Louis Proyect: The Unrepentant Marxist

October 17, 2006

Out of Place

Filed under: Film,middle east — louisproyect @ 7:32 pm

Now playing at the Anthology Film Archives in New York, “Out of Place: Memories of Edward Said” is a complex and moving tribute to the postcolonial scholar and voice of the Palestinian people. Based loosely on his memoir of the same name, directed by Sato Makoto and with music by Daniel Barenboim (who collaborated with Said on a number of groundbreaking projects in the Middle East), it is about as fitting a tribute to Said as can be imagined.

The film weaves together reminiscences of Said by his wife and children, his colleagues at various universities (including Columbia where he was a renowned department chair), and those of Palestinian political leaders. It also includes the voices of ordinary Palestinian and Israelis who have been locked in struggle since Said’s youth. It is a sign of the director’s affinity with his subject’s self-declared mission that he can discover the humanity of those on either side of the divide. In keeping with the spirit of “Orientalism,” “Out of Place” refuses to stereotype Arab and Jew alike.

“Out of Place” is structured around a series of visits to places where the Said family resided during his years living in the Middle East and to various emblematic sites in the region including a Palestinian refugee camp in Syria and a Kibbutz in Northern Israel. It has an uncanny ability to draw out the deepest insights from people living in these places whose lives have been indelibly marked by war and racism in the 20th century. To an individual, the Palestinians are aware of the historic injustice done to them and express their absolutely determination to redeem themselves through struggle.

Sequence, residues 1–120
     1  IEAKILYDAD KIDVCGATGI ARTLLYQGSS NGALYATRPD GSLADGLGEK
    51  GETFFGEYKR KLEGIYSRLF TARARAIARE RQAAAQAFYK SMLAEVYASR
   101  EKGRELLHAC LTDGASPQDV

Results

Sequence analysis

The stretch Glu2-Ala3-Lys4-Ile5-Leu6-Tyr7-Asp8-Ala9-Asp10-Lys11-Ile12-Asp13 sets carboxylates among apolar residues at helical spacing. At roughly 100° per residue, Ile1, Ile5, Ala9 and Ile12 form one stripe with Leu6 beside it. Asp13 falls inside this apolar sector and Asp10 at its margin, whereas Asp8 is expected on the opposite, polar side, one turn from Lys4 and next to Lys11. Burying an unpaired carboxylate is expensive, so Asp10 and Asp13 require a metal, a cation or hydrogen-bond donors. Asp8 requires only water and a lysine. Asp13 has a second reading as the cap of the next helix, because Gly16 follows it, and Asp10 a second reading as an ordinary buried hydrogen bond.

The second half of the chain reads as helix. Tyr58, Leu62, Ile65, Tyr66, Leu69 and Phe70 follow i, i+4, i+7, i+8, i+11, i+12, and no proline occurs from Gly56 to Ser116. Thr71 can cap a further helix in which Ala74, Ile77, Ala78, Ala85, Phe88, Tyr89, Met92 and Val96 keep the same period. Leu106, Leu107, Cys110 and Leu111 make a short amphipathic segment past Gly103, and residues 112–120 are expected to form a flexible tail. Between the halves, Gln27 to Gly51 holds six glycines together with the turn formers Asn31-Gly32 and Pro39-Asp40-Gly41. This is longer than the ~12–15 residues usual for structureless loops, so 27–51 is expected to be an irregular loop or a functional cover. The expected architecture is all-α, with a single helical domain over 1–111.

Wadie Said, Edward’s father, was the owner of the largest business supply store in the Middle East. The documentary interviews a number of men who knew or worked for him in Cairo, when Edward was a child. He is described as a highly respected and outspoken man of the community. In the 1950s, the family lived in fairly opulent circumstances on an island on the Nile River that was home to members of the Egyptian ruling class and to foreign diplomats and business men. Time and time again, when we see the life of privilege that Edward Said enjoyed growing up, we are reminded of how he transcended this environment and became a tribune of his people. He could have enjoyed the life of a pampered academic and could have even left his Palestinian identity behind him. But history summoned him to rise to the occasion and assume that identity. As a writer, a scholar and an activist, he literally made history.

Edward Said devoted every ounce of his energy and talents to the cause of people like those we meet in a Lebanese refugee camp. Despite being poor, they show every hospitality to the film crew which is welcomed into their house for a three day period necessitated by curfews and other travel restrictions. Like just about every Palestinian family shown in the film, they retain vivid memories of the villages from which they were expelled.